Medieval Europe

Students who choose to pursue the study of medieval Europe at Illinois enter into a dynamic, well-established, yet consistently innovative scholarly field. They benefit not only from courses with primary faculty, but also from a variety of reading groups within the History Department, the interdisciplinary and global meeting ground of the Program in Medieval Studies, and numerous opportunities to interact with influential visiting scholars from many parts of the world.

LlanthonyThis field engages a period that is constantly being redefined and reconceptualized, but which is usually taken to span the period from around 400 to 1500 C.E. Although focused primarily on Europe, training in this field facilitates and encourages the crossing of geographical, cultural, political, and even temporal boundaries; and it equips students with a broad array of theoretical, methodological, and historiographical skills. At the same time, it emphasizes the specialized linguistic and technical demands of scholarship in medieval studies. Areas of particular strength include medieval social and cultural history; histories of the book and of manuscript culture; the history of theatre and other public media; histories of women, gender, and the body; the interactions between religion and society; and the history of daily life.

Library Resources

Housing more than ten million volumes, including a number of important manuscripts and early printed books, the University of Illinois Library is the third largest academic library in the nation. It is also affiliated with the Consortium of Academic Research Libraries in Illinois, and with the Newberry Library of Chicago, which boasts particularly fine collections supporting the study of medieval and early modern history.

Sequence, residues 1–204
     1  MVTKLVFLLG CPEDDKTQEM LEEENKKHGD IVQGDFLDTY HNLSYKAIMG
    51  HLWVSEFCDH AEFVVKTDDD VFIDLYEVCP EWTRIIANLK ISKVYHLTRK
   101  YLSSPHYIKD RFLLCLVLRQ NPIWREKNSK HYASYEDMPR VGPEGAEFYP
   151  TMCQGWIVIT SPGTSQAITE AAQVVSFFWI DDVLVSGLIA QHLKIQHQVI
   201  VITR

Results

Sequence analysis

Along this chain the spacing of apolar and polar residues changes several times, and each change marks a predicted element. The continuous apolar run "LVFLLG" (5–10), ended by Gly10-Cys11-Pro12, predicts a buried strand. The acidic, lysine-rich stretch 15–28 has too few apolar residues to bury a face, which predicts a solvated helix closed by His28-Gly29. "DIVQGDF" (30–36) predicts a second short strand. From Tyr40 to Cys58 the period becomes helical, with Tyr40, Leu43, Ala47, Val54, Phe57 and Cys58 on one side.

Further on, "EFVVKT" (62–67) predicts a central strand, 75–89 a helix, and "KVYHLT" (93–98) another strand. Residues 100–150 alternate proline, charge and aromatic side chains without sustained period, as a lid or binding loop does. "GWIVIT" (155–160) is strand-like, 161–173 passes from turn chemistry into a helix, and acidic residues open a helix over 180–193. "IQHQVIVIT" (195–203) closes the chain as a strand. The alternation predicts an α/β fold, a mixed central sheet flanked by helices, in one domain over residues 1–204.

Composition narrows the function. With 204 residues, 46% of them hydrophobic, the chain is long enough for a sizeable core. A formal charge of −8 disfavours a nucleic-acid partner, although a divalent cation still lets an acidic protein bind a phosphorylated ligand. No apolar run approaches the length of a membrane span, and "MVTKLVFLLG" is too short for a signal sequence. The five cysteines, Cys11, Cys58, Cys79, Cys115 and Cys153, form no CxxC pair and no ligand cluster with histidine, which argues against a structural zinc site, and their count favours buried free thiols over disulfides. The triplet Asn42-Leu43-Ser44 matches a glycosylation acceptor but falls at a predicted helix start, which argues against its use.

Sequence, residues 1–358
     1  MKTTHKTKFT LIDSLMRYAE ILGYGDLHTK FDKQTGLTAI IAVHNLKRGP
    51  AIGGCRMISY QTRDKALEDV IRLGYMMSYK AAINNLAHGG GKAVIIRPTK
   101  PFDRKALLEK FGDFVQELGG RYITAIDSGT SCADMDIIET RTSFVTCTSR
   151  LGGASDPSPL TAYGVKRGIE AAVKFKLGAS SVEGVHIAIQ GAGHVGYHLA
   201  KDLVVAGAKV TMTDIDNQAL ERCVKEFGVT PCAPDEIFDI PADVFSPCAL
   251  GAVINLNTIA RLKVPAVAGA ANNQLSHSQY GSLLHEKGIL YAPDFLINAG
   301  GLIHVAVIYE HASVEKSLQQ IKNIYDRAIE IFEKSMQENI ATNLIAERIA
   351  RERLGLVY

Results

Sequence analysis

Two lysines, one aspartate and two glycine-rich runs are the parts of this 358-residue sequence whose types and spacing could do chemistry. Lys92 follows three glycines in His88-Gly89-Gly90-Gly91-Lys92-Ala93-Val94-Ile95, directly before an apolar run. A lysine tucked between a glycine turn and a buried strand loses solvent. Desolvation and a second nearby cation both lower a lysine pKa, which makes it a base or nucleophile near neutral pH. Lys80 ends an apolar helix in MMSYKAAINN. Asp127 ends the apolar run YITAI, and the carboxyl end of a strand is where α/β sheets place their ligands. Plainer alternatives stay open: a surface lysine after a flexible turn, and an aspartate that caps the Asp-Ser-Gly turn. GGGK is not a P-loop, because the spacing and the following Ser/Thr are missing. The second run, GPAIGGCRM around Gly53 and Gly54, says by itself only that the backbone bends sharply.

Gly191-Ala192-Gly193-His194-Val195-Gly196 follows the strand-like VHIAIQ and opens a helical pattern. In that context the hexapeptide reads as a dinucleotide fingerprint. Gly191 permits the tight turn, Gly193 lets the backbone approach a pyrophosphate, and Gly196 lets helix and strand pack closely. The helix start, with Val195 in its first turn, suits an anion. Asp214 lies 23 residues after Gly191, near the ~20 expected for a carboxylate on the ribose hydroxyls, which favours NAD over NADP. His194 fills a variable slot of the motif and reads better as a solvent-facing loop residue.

The Department of History

matildathrone_000Illinois ranks among the top ten departments of history across all American public universities. Students working primarily in the field of medieval history will be able to draw upon strengths in chronologically related fields, such as late antiquity and the early modern periods, and on the expertise of faculty with related thematic interests in many other fields. To learn more about the Department of History at the University of Illinois, see our web page. To apply for admission and financial aid, please write: Graduate Secretary, Department of History, University of Illinois at Urbana-Champaign, 309 Gregory Hall, 810 South Wright Street, Urbana, IL 61801. You may also contact the graduate secretary by phone at (217) 244-2591. The deadline for admission applications is December 15th each year.

Primary Faculty

  • Craig Koslofsky (Ph.D., Michigan, 1994), social and cultural history of Central Europe from the 15th to the 18th century.
  • Ralph Mathisen (Ph.D., Wisconsin, 1979) late antiquity, social and cultural history of the Roman and Byzantine Empires; impact of the barbarian settlements; numismatics, prosopography, codicology, and computer appications to historical studies.
  • Megan Mclaughlin (Ph.D., Stanford, 1985), medieval Europe, religion and society to 1200; history of women and gender; sexuality; trances, possession and other "altered spiritual states."
  • Carol Symes (Ph.D., Harvard, 1999), medieval Europe, especially Francia, England and the Low Countries; cultural and intellectual history; the history of textuality and orality; premodern information media and communication technologies; history of theatre and public life.